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India's Attack on Pakistan Sparks Fear of Wider War

The early morning air raid was the latest moment of escalation in a month of rising tensions.

Photo: An Indian Air Force Sukhoi Su-30MKI fighter jet (Wikimedia Commons).

Warplanes from India launched an attack on an alleged militant camp Tuesday morning, violating Pakistani airspace in the disputed territory of Kashmir in the latest escalation between the two nuclear powers. The attack carried with it fears of wider war between the two countries. 

"Armed conflicts once started take their own course without either side being in control to decide where such hostilities will end," Professor Muzaffar Ahmed told Indian news service IANS.

The aerial attack came in the wake of heightened tensions between India and Pakistan, after a Feb. 14 suicide attack on Indian security forces in the Kashmiri town of Pulwama, which killed 42, led to India cutting Pakistan off from a key water source controlled by the former on Feb. 21.

The result of the morning’s Indian incursion was unclear at press time. Indian foreign secretary Vijay Gokhale claimed the attack struck a militant training camp and blamed the Pakistani government for allowing the camp to flourish. "The existence of such training facilities, capable of training hundreds of jihadis," said Gokhale, "could not have functioned without the knowledge of the Pakistani authorities."

Pakistani sources disagreed with the Indian version of events and said the Indian planes had dropped their payload without a target, showing craters near the small town of Balakot as evidence.

Balakot residents told the Associated Press that they were awakened in the early morning by the bombs but that the raid had no other effect than frightening them.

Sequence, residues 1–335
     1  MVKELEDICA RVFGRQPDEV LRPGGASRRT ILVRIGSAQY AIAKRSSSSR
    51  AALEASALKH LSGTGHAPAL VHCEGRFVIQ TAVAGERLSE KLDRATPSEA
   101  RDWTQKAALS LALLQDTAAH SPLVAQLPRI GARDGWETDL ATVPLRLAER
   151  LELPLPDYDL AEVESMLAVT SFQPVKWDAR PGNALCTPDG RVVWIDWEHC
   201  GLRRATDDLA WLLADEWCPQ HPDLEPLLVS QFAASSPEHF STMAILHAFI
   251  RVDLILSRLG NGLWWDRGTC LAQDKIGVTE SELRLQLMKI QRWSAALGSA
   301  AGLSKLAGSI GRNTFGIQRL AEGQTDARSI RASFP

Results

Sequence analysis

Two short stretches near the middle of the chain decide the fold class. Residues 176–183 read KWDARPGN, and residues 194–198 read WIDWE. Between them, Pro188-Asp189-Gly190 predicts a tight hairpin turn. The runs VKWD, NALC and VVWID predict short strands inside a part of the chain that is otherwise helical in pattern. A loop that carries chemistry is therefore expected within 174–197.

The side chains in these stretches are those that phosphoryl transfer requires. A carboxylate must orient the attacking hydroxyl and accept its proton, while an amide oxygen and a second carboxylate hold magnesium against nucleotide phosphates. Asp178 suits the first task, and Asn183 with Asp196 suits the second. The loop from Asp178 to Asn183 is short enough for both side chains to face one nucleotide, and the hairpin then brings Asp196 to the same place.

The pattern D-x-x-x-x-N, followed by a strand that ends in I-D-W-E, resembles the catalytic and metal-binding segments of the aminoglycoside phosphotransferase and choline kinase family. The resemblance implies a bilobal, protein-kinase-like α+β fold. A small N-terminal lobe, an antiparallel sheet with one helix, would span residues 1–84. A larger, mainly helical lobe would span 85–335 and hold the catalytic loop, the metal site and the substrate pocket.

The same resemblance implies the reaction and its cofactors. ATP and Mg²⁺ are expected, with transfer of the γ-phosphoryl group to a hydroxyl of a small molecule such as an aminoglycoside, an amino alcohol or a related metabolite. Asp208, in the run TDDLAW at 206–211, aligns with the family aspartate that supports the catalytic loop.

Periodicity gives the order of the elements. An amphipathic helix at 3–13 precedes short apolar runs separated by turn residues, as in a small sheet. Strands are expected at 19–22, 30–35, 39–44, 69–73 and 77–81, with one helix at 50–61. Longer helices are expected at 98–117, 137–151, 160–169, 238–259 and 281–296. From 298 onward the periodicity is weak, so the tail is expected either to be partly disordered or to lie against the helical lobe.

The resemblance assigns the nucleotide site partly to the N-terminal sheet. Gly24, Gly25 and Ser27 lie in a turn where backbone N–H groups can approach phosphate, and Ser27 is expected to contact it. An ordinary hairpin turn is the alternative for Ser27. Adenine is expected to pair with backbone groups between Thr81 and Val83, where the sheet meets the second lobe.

"We didn't think for a moment that it was from planes but the explosions were very powerful," said resident Mohammed Abbas.

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The invasion of Pakistani territory by Indian jets marks a significant and dangerous step in the fraught relationship between the two nuclear neighbors, whose countries have fought four wars already in 1947, 1965, 1971, and 1999.

Imran Khan, Pakistan's new Prime Minister, referred to Indian allegations of hitting the training camp as "a self-serving, reckless and fictitious claim." Pakistan's National Security Committee said that the country would respond to the raid "at a time and place of our choosing."

Indian Prime Minister Narendra Modi, speaking at an election rally, did not refer specifically to the morning's attack but said that he would not give in to Pakistan.

"I will not let the country bend," Modi said.

Any escalation in tensions between India and Pakistan that could lead to war could lead to the use of nuclear weapons and possibly trigger a wider regional conflict. China, a longtime ally of India and the third claimant to Kashmiri territory, urged restraint on both sides.

Lu Kang, a spokesman for the Foreign Ministry, told reporters China hopes that its neighbors will "exercise restraint and take actions that will help stabilize the situation in the region and help to improve mutual relations."

That seemed unlikely Tuesday as gunfire was reportedly heard at the border.

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